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Publication numberUS7436610 B1
Publication typeGrant
Application numberUS 11/255,436
Publication dateOct 14, 2008
Filing dateOct 20, 2005
Priority dateOct 20, 2005
Fee statusPaid
Publication number11255436, 255436, US 7436610 B1, US 7436610B1, US-B1-7436610, US7436610 B1, US7436610B1
InventorsGregory B. Thelin
Original AssigneeWestern Digital Technologies, Inc.
Export CitationBiBTeX, EndNote, RefMan
External Links: USPTO, USPTO Assignment, Espacenet
Disk drive employing different zone boundaries across disk surfaces
US 7436610 B1
Abstract
A disk drive is disclosed comprising a plurality of disk surfaces, including first and second disk surfaces. A first physical zone on a first disk surface has a physical zone boundary at a first predetermined radial location, wherein the first predetermined radial location is different from any of the radial locations of the physical zone boundaries on a second disk surface. A plurality of logical zones are identified having logical zone boundaries defined relative to the physical zone boundaries of at least the first and second disk surfaces, wherein the number of logical zones is greater than the number of physical zones for at least one of the disk surfaces. The logical zones are used to find one of the data sectors corresponding to a block address received from a host.
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Claims(16)
1. A disk drive comprising:
(a) a plurality of disk surfaces, wherein:
each disk surface comprises a plurality of data tracks;
each data track comprises a plurality of data sectors;
the data tracks of each disk surface are banded together into a plurality of physical zones each having physical zone boundaries at predetermined radial locations on the disk surface, wherein each physical zone is operable to store data in the data sectors at a predetermined data rate; and
a first physical zone on a first disk surface has a physical zone boundary at a first predetermined radial location, wherein the first predetermined radial location is different from any of the radial locations of the physical zone boundaries on a second disk surface; and
(b) control circuitry operable to:
identify a plurality of logical zones, wherein at least one logical zone has logical zone boundaries defined relative to the physical zone boundaries of at least the first and second disk surfaces, and the number of logical zones is greater than the number of physical zones for at least one of the disk surfaces; and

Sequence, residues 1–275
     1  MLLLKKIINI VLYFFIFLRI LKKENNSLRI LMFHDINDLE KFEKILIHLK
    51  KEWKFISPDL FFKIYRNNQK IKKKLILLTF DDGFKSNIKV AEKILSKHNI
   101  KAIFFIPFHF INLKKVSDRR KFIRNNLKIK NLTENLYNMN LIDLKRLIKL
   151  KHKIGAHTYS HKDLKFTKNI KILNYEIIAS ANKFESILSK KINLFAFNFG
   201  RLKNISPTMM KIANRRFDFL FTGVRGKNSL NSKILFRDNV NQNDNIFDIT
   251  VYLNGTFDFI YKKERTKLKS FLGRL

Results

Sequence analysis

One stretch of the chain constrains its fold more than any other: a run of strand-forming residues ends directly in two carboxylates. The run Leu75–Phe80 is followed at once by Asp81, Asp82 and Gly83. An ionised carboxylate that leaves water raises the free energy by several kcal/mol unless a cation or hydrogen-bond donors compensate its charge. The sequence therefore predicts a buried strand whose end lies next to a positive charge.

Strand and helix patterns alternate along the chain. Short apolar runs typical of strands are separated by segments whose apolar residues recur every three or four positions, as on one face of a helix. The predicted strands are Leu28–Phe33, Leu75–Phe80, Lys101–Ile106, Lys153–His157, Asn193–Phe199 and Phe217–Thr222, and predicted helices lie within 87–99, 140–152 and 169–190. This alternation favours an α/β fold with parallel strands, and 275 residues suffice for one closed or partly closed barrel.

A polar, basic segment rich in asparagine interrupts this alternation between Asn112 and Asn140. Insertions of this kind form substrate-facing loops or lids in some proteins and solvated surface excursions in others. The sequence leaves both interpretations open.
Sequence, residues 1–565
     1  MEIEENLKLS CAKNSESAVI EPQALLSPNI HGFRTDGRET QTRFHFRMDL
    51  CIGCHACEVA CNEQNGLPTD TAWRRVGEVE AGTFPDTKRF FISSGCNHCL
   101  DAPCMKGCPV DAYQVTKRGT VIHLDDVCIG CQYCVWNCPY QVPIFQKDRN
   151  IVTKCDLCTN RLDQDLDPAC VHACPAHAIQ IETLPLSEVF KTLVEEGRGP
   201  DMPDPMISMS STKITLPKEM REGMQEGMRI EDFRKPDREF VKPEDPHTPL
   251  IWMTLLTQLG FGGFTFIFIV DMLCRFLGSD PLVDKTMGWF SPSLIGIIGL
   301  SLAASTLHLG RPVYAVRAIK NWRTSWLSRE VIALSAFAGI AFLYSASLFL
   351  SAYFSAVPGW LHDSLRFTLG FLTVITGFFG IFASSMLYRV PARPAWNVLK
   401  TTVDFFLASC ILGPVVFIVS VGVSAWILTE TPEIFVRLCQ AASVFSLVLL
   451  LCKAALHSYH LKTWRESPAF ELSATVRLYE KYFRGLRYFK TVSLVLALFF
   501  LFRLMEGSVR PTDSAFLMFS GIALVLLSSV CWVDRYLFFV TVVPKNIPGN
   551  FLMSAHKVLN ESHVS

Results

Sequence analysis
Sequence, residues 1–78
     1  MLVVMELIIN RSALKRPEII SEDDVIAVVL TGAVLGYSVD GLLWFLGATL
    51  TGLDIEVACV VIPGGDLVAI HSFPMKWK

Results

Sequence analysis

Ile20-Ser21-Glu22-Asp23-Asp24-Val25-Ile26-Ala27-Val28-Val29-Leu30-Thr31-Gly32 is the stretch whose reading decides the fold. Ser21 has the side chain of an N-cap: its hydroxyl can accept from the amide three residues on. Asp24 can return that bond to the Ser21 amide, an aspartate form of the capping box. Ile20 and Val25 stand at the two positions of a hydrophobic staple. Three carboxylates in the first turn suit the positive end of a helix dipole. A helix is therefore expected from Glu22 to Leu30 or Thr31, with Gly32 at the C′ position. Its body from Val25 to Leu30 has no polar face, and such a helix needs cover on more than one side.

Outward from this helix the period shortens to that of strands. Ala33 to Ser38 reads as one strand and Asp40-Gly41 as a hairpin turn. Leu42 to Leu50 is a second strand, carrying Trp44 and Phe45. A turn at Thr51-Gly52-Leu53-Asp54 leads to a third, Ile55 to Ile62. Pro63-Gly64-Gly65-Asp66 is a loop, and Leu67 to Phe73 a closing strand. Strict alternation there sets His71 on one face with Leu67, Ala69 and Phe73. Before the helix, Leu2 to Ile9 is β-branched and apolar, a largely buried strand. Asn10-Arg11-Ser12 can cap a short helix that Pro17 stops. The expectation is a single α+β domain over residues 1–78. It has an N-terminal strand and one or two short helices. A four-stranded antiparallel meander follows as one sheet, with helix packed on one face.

use the logical zones to find one of the data sectors corresponding to a block address received from a host.
2. The disk drive as recited in claim 1, wherein the disk drive further comprises a plurality of heads actuated over respective disk surfaces, and the control circuitry is further operable to find the data sector corresponding to the block address by:
finding the logical zone corresponding to the block address;
finding the head within the logical zone corresponding to the block address; and
finding the data track corresponding to the head and block address.
3. The disk drive as recited in claim 1, wherein:
the data sectors of one of the physical zones on the first disk surface store data at a first data rate; and
the data sectors of a corresponding physical zone on the second disk surface store data at a second data rate different than the first data rate.
4. The disk drive as recited in claim 1, wherein:
the data tracks on the first disk surface comprise a first radial density; and
the data tracks on the second disk surface comprise a second radial density different than the first radial density.
5. The disk drive as recited in claim 1, wherein:
each disk surface comprises a plurality of servo tracks; and
on at least one of the disk surfaces the radial density of the data tracks is different than the radial density of the servo tracks.
6. The disk drive as recited in claim 5, wherein the control circuitry is further operable to identify a plurality of clusters, wherein:
each cluster comprises a first number of servo tracks and a second number of data tracks; and
the first number of servo tracks is different than the second number of data tracks.
7. The disk drive as recited in claim 6, wherein the control circuitry is further operable to find the data sector corresponding to the block address by:
finding the logical zone corresponding to the block address;